Two tracks on “Controversy” are distinctly political or, at least, critical of the American government. “Ronnie Talk to Russia” is an overwhelming force of choral and synth melody and powerful guitar solo. It almost feels harsh, musically and lyrically. The electric guitar vibrates underneath all of the choral pomp. All the while, Prince implores Ronald Reagan to “talk to Russia before it’s too late / before they blow up the world.” At the end of the song, a jarring explosion is heard. Though this has a satirical tone, it’s cutting enough to hurt, rather than make you laugh. “Annie Christian,” though, is the song with the greatest connection to Prince’s new philosophies. It chronicles the actions of “Annie Christian,” a greedy, power-hungry, religious figure against the backdrop of a more minimalistic, experimental rhythm and tone. Prince’s voice, in particular, has an almost mechanical echo on this track. In the first verse, a glory-hound, Annie “bought a blue car” and “killed black children.” He tells her in the chorus that until she’s “crucified” for what she’s done, he’ll live his life in “taxi cabs.” The second verse focuses on the “bad girl” Annie who buys a gun and uses it to kill John Lennon. But it’s only when she tries to kill Ronald Reagan that everyone cries “gun control!” Prince highlights the actions of extremists—Christian, criminal, conservative—with Annie, the anti-Christ, standing in for the many crimes which have slipped under the radar. It was a great time when Prince was pointing out the misgivings and contradictions of American society and what they force people into.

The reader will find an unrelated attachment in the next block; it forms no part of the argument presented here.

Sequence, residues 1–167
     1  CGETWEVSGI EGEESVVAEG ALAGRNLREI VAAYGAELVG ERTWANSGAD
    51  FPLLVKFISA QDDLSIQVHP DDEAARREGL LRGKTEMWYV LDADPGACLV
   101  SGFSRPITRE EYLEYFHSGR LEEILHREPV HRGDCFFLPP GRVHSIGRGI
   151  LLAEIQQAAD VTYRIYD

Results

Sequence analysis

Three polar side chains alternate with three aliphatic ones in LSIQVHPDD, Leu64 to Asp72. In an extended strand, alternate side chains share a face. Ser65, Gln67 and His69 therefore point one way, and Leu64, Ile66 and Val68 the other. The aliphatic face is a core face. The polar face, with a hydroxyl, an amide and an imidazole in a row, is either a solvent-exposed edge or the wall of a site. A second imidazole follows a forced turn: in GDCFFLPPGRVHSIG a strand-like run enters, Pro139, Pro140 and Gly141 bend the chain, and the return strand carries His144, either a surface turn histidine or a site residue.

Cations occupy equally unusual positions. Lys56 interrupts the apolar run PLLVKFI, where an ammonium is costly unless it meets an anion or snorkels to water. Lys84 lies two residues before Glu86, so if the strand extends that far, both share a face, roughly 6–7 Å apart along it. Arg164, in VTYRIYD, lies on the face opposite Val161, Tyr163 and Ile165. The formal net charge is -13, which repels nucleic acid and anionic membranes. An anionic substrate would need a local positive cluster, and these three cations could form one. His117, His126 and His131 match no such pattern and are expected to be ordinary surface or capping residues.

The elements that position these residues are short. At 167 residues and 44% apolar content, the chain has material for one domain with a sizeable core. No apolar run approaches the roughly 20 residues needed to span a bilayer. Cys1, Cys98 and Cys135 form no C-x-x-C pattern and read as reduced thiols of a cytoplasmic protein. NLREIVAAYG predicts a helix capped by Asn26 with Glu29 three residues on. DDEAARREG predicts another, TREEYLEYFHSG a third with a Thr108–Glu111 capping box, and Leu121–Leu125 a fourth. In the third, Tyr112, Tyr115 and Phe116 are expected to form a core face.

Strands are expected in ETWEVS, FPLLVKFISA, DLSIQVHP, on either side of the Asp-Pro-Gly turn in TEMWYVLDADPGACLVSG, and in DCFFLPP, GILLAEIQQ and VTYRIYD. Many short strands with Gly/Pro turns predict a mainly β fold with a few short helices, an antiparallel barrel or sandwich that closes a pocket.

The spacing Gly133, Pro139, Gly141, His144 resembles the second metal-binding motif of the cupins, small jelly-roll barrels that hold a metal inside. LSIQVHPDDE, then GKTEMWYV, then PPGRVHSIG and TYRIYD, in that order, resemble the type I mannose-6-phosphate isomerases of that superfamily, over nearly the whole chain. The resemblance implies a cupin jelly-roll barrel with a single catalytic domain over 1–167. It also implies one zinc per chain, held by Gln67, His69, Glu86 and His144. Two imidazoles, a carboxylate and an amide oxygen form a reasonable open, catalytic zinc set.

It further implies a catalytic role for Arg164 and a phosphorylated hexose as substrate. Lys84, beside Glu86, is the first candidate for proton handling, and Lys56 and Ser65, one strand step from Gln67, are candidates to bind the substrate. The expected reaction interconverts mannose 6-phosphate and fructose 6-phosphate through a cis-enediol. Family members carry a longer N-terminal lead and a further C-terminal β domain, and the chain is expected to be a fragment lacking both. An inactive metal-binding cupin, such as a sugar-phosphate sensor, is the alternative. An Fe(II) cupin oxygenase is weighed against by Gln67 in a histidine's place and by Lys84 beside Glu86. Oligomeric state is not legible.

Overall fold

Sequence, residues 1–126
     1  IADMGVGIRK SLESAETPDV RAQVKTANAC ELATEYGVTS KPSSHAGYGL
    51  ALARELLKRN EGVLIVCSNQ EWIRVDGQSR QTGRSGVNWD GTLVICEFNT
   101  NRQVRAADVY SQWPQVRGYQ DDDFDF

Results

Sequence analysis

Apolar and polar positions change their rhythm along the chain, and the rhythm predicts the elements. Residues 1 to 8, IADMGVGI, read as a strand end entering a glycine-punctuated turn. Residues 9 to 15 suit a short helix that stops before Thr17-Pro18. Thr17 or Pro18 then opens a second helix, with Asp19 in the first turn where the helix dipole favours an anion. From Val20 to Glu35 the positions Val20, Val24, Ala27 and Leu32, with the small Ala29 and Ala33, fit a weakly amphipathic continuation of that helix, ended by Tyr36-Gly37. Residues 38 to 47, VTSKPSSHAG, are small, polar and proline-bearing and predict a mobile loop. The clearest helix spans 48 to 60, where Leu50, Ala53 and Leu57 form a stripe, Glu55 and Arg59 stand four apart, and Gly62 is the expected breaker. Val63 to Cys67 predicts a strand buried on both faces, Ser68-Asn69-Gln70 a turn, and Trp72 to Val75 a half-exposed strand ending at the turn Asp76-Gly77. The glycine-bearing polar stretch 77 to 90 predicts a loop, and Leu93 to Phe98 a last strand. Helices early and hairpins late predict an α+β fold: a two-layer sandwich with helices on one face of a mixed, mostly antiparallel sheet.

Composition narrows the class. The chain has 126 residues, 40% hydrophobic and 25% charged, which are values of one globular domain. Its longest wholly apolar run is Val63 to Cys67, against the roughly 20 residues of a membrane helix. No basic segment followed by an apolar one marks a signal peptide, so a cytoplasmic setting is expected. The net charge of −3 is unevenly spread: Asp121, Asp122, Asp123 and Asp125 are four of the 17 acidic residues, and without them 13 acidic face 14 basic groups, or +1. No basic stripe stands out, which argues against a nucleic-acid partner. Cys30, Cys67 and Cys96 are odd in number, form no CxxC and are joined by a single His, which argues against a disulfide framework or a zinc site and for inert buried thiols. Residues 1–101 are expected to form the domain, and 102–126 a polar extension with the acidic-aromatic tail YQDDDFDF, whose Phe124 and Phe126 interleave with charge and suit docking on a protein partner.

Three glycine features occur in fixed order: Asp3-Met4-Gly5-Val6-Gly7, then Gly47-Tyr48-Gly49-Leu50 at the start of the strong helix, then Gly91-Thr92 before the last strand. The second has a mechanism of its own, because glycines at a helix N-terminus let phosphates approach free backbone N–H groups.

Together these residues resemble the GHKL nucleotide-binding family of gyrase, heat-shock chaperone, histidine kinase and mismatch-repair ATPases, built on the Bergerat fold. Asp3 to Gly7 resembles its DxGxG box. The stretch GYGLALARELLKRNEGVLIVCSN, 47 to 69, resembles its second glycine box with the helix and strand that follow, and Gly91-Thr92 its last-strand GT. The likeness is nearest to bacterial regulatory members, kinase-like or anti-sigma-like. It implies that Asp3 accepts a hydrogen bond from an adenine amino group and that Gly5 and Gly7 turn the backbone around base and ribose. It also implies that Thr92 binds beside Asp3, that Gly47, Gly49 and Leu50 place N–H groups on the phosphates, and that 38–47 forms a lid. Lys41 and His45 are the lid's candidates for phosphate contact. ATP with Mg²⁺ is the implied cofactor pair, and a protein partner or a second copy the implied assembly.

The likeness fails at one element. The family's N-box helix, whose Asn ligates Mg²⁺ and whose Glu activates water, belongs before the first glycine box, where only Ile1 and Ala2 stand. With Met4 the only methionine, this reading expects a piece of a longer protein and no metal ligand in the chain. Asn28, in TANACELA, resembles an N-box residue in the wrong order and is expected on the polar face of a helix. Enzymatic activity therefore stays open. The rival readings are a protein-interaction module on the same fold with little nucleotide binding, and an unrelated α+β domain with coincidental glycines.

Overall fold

This album, though only 8 songs long, exemplifies the kind of brilliance that can come out of a combination of risk-taking and strong ambition. These are incredibly dynamic, masterfully produced hits that curve around and between genre and theme. Personal ambiguity drips over every word. It’s fascinating. It belongs to a certain point in time, but it’s still very relevant, as a response to what is socially acceptable and as a look into the complexity of political and, particularly, sexual identity.